Love a Fez: Part I
The history of the fez in turkey
Kamal Ataturk, the beneficent dictator of Turkey in the 1920s, had himself a problem. The country of the Turks is placed smack between Europe and the near East, and is plagued by the ideological bifurcation such a location might suggest. Ataturk himself managed to create the Republic of Turkey in 1923 from the waning vestiges of the Ottoman empire, and he wanted this newfound country to follow in Europe's footsteps. He tossed the local Islamic leadership out on its collective ear in 1924, introduced the Western calendar and twenty-four hour clock in 1925 while simultaneously banning polygamy. The Latin alphabet showed up in 1928, Constantinople became Istanbul in 1930, and women were given suffrage in 1934. After a prodigious baby boom, last names were thrust upon the populace in 1935 (until then, you had a bunch of Ahmet-son-of-Mohammeds running about). But these are all trivial changes compared to the calamitous decree on August 30, 1925: Ataturk banned the fez as a piece of headgear.
The fez had been introduced in 1826 by Mahmud II to replace the turban. Mahmud, then head of the Ottoman Empire that was to be divvied up among various European nations and partially grow into Turkey, was raised by a Creole mother. He had the same sort of longing for Europe as Ataturk did, he'd already flirted with the Colonial-style three-cornered hat. His advisors duly noted that the three-cornered hat was supposed to reflect the Holy Trinity, at which point Mahmud wisely, if regretfully, dismissed the possibility of the hat gracing the closets and heads of his Islamic countrymen.
Soon afterward, though, a shipment arrived from Tunis of venerable fezzes. As Jeremy Seal, author of A Fez of the Heart: Travels round Turkey in Search of a Hat, remarks, "...if these fezzes were not perhaps as Western as he had hoped, they at least would provide him with a clean break from the burdensome turban." It wouldn't do not to wear a hat, yet, when it came time to pray, the hat could not be knocked off when the worshiper bent his head to the ground. Hence, brimlesshats were eminently practical from the standpoint of prayer, if useless in keeping the sun out of one's eyes. In a land beset with tradition, the transition from turban to fez did not go easy. In the mid-1830s, traveler Thomas Allom noted "the inhabitants still refuse to regulate their costume by direction of the Sultan; they refuse to doff the cherished turban... for the recently introduced fez." Western journalists unleashed a litany of disparaging comments. A Reverend Walsh intoned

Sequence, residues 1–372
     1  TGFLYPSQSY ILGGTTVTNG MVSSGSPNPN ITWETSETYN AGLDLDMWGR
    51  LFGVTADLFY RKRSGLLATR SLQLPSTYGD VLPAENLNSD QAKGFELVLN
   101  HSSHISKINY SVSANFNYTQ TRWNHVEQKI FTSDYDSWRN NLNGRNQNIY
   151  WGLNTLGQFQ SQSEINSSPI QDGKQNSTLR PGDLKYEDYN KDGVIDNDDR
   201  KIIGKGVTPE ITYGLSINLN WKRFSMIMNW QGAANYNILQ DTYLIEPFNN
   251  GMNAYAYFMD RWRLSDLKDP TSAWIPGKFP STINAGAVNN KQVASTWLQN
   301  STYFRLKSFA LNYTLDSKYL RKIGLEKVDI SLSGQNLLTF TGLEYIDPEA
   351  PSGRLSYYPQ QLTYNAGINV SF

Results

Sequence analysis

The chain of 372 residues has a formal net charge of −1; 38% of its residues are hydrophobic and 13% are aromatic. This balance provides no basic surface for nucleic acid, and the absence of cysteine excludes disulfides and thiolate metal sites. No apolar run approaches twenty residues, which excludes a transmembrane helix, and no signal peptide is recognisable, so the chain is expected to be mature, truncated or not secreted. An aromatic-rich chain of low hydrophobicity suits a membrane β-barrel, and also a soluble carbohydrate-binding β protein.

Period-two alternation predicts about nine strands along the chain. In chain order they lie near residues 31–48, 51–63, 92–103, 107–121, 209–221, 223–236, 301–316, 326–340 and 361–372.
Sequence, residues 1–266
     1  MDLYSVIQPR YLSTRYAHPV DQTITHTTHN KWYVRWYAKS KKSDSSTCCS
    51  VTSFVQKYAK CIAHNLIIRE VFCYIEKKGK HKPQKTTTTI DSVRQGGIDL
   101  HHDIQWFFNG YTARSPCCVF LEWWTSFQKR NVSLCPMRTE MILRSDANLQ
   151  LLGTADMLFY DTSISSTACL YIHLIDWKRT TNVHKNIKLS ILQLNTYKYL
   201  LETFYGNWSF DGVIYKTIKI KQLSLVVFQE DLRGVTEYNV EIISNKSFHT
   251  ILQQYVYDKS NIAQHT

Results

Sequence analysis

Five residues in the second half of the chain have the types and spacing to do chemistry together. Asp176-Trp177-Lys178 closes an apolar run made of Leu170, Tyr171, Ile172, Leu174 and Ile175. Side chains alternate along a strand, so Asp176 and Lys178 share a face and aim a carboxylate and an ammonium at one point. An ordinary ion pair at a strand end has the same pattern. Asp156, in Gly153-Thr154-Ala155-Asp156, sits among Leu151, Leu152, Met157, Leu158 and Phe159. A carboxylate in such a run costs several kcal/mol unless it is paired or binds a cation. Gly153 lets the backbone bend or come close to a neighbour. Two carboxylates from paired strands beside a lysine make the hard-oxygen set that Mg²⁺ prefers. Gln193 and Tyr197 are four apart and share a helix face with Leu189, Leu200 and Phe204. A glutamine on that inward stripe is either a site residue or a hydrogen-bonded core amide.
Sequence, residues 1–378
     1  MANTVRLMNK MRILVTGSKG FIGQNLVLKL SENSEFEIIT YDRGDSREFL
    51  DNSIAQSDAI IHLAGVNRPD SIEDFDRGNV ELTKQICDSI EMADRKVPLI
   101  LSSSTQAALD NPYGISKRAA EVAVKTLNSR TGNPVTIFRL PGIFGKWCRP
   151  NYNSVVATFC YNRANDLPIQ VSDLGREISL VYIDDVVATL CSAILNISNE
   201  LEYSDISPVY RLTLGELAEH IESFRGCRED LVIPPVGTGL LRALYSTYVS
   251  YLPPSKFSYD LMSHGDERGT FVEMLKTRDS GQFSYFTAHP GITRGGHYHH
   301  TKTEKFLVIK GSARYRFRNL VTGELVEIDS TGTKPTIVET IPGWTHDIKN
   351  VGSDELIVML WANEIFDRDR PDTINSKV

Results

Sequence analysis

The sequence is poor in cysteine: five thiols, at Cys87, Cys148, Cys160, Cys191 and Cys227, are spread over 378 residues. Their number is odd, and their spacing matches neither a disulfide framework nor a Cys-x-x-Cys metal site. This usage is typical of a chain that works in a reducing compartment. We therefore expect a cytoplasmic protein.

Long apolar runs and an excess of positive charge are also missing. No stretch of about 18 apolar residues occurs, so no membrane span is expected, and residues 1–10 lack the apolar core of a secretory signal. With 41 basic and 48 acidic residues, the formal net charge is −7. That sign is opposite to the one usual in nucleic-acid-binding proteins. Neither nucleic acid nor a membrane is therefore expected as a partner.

A miserable substitute for the splendid turban.
Sir Adolphus Slade, similarly lauded the lost headwrap:
The magical effects of a turban are well known. It gives depth to light eyes, expression to dark eyes; it softens harsh features, relieves delicate ones.
And Julia Pardo, writing in 1834, was downright impolite:
I cannot forbear to record my regret as I beheld in every direction the hideous and unmeaning fez. The costly turban, that bound the brow like a diadem, and relieved by the richness of its tints the dark hue of the other garments, has now almost entirely disappeared from the streets.
They got used to it. In 1903, the Turkish writer Halil Halid remarked, "I was seized with the ambition of appearing up to date, and of dressing in the more modern manner; that is to say, European costume in all but the fez." In 1913, the Ottomans, wary of the impending World War, collected lira on the streets of the cities with which to buy two battleships from the British. However, Churchill, leery of Ottoman coziness with Austria and Germany, reneged. Germany, quick to capitalize on this supercilious stiffing, sent two warships of her own, and as they pulled into port at the slighted country, the Ottomans looked through their spyglasses and noticed complete German crews decked out in fezzes. They cheered. The Germans cheered. It was an utterly charming scene. The Ottomans joined the war on the German side soon afterward, thanks to a gentle stroking of the public's nationalistic fervor. In a short century, the fez had gone from being a nuisance to a badge of national identity. In 1919-1922 Smyrna was occupied by the Greeks, and fezwearers unwilling to go bareheaded got in trouble:
[Turks], both men and women, have been mishandled, insulted, or threatened in the streets of the town, the fezzes of the former and the veils of the latter being torn off their heads and trodden on.